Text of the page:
Household electricity bills skyrocket
By Dennis Cauchon, USA TODAY
by Dennis Cauchon, USA TODAY
Electric bills have skyrocketed in the last five years, a sharp reversal from a quarter-century when Americans enjoyed stable power bills even as they used more electricity.
File photo by Jim Cole, AP
Households paid a record $1,419 on average for electricity in 2010, the fifth consecutive yearly increase above the inflation rate, a USA TODAY analysis of government data found. The jump has added about $300 a year to what households pay for electricity. That's the largest sustained increase since a run-up in electricity prices during the 1970s.
Electricty is consuming a greater share of Americans' after-tax income than at any time since 1996 — about $1.50 of every $100 in income at a time when income growth has stagnated, a USA TODAY analysis of Bureau of Economic Analysis data found.
Greater electricity use at home and higher prices per kilowatt hour are both driving the higher costs, in roughly equal measure:
•Residential demand for power dropped briefly in 2009 but rebounded strongly last year to a record high. Air-conditioners and household appliances use less power than ever. A new refrigerator consumes half the electricity as a similar one bought in 1990. But consumers have bigger houses, more air-conditioning and more electronics than before, outpacing gains in efficiency and conservation.
"People have made a lot of money selling weight loss programs. It's the same for energy. Behavior is hard to change," says Penni Conner, vice president of customer care at NSTAR, a Boston-based utility.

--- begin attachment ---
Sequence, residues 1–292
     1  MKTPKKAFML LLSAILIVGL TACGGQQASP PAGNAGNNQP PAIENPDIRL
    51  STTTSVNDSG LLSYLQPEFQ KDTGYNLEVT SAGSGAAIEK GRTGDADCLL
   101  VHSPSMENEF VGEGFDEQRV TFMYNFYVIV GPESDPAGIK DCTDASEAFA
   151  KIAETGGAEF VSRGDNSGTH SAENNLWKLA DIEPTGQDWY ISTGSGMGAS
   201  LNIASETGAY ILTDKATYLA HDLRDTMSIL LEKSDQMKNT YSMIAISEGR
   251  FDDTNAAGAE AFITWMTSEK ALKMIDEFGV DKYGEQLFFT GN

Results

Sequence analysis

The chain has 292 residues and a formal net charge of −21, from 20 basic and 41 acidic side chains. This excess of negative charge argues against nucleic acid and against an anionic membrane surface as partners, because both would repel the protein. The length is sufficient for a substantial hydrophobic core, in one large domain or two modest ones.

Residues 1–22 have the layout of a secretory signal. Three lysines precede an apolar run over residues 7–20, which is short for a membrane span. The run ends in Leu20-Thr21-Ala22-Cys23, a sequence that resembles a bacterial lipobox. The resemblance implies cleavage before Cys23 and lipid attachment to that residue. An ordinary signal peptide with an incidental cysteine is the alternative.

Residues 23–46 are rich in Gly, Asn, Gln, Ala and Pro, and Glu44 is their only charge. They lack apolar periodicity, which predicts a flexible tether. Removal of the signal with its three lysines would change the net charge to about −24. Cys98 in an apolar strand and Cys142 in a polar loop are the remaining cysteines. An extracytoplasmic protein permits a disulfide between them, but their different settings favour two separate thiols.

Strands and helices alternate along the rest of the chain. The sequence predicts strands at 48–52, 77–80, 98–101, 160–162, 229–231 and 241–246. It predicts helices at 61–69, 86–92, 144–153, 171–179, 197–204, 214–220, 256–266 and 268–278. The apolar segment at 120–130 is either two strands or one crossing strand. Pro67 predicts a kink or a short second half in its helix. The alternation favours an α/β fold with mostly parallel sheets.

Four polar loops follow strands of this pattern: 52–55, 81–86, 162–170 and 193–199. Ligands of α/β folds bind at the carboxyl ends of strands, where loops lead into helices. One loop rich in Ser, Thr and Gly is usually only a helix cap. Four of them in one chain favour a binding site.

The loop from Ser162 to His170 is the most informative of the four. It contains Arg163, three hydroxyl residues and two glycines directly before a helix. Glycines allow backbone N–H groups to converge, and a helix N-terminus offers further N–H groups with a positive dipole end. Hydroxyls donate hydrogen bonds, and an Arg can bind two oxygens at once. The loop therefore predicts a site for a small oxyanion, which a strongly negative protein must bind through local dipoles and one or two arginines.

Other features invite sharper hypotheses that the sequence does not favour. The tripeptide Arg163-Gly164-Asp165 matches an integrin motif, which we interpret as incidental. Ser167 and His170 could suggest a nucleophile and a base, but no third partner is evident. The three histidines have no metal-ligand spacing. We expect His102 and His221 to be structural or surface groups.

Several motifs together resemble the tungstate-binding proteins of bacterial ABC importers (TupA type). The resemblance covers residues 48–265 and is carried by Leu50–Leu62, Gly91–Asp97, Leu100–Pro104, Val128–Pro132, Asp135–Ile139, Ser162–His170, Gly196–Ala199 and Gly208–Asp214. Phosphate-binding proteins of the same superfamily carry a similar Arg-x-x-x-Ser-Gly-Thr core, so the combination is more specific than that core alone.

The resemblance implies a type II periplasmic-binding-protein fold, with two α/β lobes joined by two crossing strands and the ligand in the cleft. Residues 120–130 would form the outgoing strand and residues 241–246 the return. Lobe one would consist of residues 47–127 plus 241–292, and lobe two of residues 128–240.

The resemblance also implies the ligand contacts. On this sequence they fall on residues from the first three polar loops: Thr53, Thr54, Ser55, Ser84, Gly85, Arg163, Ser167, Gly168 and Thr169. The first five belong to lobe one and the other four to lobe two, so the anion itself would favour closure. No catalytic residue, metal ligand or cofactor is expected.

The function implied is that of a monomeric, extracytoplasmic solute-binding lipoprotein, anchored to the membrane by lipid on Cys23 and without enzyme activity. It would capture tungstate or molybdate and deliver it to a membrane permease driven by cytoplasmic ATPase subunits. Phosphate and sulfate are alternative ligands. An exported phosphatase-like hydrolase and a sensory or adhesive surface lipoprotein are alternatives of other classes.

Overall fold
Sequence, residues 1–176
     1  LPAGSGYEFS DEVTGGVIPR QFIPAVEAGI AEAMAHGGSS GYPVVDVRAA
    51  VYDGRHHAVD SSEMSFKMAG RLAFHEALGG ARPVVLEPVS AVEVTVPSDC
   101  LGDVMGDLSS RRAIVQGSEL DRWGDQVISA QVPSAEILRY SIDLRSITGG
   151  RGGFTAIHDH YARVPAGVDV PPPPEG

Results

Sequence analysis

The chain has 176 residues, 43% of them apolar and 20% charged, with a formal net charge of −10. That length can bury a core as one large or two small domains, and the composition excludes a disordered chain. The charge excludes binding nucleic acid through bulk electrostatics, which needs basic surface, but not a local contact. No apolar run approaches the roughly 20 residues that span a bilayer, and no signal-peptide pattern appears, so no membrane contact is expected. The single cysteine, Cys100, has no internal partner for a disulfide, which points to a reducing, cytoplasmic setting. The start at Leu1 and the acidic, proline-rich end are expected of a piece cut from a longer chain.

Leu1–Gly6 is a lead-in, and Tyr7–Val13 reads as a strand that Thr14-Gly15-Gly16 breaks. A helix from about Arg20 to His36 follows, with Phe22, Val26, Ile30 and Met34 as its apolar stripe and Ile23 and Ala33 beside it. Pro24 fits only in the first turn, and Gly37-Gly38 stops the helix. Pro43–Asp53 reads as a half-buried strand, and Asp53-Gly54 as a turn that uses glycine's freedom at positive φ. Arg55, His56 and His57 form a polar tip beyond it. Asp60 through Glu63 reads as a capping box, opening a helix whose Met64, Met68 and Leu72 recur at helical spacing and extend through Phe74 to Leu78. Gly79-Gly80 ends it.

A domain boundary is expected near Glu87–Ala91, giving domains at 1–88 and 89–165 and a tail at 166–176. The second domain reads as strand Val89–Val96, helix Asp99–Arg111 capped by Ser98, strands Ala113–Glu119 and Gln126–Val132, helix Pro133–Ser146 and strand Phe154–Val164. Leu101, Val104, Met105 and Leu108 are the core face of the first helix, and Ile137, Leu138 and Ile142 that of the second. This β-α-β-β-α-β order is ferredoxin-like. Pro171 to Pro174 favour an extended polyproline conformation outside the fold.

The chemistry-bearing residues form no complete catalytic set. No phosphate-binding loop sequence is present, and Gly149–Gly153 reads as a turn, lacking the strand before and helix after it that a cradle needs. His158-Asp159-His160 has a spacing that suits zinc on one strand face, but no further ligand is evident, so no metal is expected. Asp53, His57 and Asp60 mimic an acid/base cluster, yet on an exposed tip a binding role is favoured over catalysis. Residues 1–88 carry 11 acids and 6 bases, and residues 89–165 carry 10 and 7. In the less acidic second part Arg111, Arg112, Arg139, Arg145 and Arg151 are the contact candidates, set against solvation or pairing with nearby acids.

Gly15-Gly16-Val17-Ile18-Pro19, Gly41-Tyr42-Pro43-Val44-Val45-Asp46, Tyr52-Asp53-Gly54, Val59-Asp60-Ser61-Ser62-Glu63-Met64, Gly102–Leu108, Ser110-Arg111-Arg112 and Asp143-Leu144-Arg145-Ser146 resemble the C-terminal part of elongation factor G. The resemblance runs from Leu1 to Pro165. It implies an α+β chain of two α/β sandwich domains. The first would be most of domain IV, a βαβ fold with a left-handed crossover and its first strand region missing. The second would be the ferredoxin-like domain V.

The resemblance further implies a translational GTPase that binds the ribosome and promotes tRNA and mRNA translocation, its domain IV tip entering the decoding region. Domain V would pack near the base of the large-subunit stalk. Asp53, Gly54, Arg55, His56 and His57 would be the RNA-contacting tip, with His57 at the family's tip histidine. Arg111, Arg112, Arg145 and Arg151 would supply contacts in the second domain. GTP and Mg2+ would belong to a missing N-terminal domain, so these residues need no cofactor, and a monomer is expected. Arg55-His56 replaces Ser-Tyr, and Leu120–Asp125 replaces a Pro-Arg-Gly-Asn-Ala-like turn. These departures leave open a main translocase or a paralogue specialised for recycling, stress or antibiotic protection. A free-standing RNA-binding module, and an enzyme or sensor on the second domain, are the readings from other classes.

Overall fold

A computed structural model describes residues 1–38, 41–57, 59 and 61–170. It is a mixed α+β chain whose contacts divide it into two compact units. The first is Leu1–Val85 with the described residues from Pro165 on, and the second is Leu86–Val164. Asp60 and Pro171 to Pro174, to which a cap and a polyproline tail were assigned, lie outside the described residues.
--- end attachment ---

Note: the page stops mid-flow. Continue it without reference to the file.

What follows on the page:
•Prices are climbing, too, hitting a record 11.8 cents per residential kilowatt hour so far this year, reports the Energy Information Administration. The increase reflects higher fuel prices and the expense of replacing old power plants, including heavily polluting — but cheap to operate — coal plants that don't meet federal clean air requirements.
"Higher bills are a huge problem for low income families," says Chris Estes, executive director of the North Carolina Housing Coalition, which opposes a proposed rate hike in its state by Duke Energy. "Utilities are what people's budgets start with."
Duke Energy says the rate increase is needed to pay for replacing old power plants and making the transmission system more reliable. The Charlotte-based utility has reached a tentative agreement with North Carolina to raise rates 7.2% in February, lower than its original 17% request.
"The industry as a whole is facing higher costs because we're retiring our aging fleet" of power plants, says Duke Energy spokeswoman Betsy Conway.
Electricity cost varies widely depending on where you live. Cheapest: Northwest communities near hydropower dams — as low as 2 cents per kilowatt hour. Most expensive major utility: Consolidated Edison, supplier of New York City — 26 cents per kilowatt hour, according to EIA.
High taxes, limits on air-polluting fuels and the expense of maintaining an underground transmission system keep consumer costs high, says ConEd spokesman Chris Olert.
A potential bright spot: Electric bills appear roughly the same so far this year as last when adjusted for inflation, based on preliminary reports.
However, the future of energy prices and the upcoming closure of more polluting coal plants makes the long-term outlook cloudy for consumers. Duke Energy plans to ask for another rate hike next year to cover the costs of new natural gas-fired plants.